Sanctions Pushing Iranian Economy to Look to East

A03210734.jpgTEHRAN (FNA) – The absence of UK and European business with Iran will see the country’s trade orientation shift toward the East, with western products being increasingly replaced by Chinese imports, an Iranian official said.

Mohammad Nahavandian, president of Iran’s Chamber of Commerce for Industries and Mines, made the comments at a gathering of UK and Iranian businessmen at the Middle East Association in London late Thursday, Dow Jones website reported.

He said Iranian trade with the UK was between $1 and $2 bln a year, while Iran’s annual trade volume stood at $120 bln.

Highlighting a US move to discourage international banks from dealing with Iran, he said, “You can’t solve political problems by creating economic ones.” He added that some actions and reactions have gone beyond what UN resolutions have sought.

Referring to security council sanctions, he insisted that Iran has been the victim of “myopic” policies.

The UN security council has already imposed two sets of sanctions on Iran for its refusal to halt uranium enrichment while a third package is currently being considered by the security council.

Answering a question about investment opportunities in Iran’s energy sector Nahavandian said, blns of dollars are needed for projects including the building of petrochemical plants, power stations and refineries.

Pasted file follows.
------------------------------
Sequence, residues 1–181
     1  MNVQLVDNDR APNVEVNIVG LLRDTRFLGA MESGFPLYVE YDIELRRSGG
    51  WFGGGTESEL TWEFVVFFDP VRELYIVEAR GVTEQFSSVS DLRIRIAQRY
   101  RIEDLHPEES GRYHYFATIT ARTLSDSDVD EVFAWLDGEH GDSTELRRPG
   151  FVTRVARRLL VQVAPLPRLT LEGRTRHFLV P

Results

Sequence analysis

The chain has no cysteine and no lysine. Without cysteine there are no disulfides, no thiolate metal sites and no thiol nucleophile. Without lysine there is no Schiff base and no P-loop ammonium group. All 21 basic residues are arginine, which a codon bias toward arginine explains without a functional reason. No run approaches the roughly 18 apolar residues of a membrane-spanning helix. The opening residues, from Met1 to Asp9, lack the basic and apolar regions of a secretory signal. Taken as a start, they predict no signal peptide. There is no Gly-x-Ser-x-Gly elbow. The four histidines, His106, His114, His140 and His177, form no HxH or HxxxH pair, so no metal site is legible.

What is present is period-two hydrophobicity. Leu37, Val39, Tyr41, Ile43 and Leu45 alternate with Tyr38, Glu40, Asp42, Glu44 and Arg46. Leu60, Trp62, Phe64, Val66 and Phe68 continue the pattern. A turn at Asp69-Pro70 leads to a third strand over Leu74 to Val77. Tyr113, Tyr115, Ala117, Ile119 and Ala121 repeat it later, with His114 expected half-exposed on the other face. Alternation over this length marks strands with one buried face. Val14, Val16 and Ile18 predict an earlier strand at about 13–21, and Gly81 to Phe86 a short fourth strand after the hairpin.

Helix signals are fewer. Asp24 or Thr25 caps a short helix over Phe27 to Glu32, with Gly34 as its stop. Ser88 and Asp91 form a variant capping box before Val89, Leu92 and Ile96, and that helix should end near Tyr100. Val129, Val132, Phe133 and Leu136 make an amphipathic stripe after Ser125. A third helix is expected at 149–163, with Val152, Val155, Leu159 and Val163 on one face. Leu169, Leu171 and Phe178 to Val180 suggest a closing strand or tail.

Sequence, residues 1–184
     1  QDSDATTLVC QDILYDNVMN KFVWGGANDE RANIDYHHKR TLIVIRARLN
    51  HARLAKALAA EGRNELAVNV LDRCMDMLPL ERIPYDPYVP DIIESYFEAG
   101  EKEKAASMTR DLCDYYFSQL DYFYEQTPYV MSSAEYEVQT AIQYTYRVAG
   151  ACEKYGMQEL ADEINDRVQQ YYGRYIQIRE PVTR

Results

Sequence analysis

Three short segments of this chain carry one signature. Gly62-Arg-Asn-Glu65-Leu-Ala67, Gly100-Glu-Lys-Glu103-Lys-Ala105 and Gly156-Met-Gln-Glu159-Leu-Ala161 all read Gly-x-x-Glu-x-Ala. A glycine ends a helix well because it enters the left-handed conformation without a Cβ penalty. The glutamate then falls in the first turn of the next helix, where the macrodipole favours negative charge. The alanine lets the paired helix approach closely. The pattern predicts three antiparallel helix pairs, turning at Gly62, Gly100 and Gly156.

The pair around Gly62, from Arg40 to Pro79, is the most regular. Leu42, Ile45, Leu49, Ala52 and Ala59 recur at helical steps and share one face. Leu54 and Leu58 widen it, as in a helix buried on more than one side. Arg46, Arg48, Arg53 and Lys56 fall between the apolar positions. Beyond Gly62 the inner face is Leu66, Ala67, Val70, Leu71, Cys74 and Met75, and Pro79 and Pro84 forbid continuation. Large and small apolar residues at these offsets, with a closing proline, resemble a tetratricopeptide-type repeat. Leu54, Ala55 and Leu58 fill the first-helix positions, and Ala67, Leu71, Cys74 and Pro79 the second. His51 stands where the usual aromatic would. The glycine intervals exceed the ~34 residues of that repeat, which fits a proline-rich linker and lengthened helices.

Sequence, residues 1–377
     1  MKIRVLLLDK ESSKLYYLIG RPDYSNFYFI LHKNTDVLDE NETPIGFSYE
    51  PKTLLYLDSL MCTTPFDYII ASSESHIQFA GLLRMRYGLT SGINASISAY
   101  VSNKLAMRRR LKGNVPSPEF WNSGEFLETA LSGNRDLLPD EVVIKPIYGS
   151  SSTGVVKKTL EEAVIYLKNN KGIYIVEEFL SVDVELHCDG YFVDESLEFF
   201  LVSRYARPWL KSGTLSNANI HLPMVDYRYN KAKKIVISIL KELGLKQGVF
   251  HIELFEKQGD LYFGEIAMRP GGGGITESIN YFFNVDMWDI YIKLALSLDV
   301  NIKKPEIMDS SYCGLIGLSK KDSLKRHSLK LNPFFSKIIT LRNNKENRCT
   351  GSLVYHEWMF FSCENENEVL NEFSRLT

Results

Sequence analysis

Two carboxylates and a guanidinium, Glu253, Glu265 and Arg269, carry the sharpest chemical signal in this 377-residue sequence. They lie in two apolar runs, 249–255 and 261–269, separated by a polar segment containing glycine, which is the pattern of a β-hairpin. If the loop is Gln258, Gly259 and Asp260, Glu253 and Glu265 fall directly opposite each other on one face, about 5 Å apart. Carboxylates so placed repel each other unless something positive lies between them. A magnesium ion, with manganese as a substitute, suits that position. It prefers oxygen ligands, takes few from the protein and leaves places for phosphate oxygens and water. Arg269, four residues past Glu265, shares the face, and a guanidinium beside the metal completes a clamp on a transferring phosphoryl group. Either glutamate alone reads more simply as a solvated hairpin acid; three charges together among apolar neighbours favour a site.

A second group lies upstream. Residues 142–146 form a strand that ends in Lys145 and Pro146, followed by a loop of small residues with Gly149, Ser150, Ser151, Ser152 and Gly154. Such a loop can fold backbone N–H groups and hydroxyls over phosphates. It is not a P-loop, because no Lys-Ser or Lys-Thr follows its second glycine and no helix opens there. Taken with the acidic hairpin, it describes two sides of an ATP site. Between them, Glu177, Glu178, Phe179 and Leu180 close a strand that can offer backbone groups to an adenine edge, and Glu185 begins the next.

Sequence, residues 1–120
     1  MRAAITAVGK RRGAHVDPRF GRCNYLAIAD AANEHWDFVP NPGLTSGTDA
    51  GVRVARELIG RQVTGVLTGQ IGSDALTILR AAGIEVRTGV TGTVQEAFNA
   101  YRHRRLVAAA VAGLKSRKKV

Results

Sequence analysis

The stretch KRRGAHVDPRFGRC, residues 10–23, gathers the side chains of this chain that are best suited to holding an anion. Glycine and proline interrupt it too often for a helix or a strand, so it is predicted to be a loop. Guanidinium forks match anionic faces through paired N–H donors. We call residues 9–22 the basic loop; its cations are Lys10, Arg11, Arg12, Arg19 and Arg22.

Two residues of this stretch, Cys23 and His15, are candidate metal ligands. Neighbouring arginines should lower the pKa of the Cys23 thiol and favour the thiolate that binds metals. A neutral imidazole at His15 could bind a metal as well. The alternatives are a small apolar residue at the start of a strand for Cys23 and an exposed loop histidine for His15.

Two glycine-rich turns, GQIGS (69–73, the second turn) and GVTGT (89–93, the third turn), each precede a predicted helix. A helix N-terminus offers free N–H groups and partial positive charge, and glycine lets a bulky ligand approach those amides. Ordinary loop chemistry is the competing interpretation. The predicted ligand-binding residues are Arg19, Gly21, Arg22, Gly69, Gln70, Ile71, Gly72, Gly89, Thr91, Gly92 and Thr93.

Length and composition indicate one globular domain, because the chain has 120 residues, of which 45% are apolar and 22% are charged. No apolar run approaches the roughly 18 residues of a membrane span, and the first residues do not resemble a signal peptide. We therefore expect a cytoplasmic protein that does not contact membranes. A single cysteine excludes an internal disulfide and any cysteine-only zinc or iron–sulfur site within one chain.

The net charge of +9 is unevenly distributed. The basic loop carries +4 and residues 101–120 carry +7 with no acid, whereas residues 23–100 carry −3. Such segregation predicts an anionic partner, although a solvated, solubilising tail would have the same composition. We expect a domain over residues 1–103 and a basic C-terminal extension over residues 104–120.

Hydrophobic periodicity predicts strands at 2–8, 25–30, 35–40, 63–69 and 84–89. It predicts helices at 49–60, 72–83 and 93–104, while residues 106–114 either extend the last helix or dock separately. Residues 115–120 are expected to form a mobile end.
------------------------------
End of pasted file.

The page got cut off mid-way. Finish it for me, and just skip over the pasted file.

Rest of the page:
He also said the Iranian government has taken significant steps to open up the economy and make investment easier by adopting a flat rate tax policy and the implementation of a law that will see 80% of the public sector shifted to the private sector.

Nahavandian insisted the Iranian economy is in good health, despite economic sanctions, adding that the country’s non-oil export revenue has reached $20 bln.

He encouraged UK business and industry to use their experience and expertise in the services industry to gain a foothold in Iran’s growing economy.

Missed opportunities by UK and European businesses will be filled by emerging market countries with newly gained capital clout, he said.

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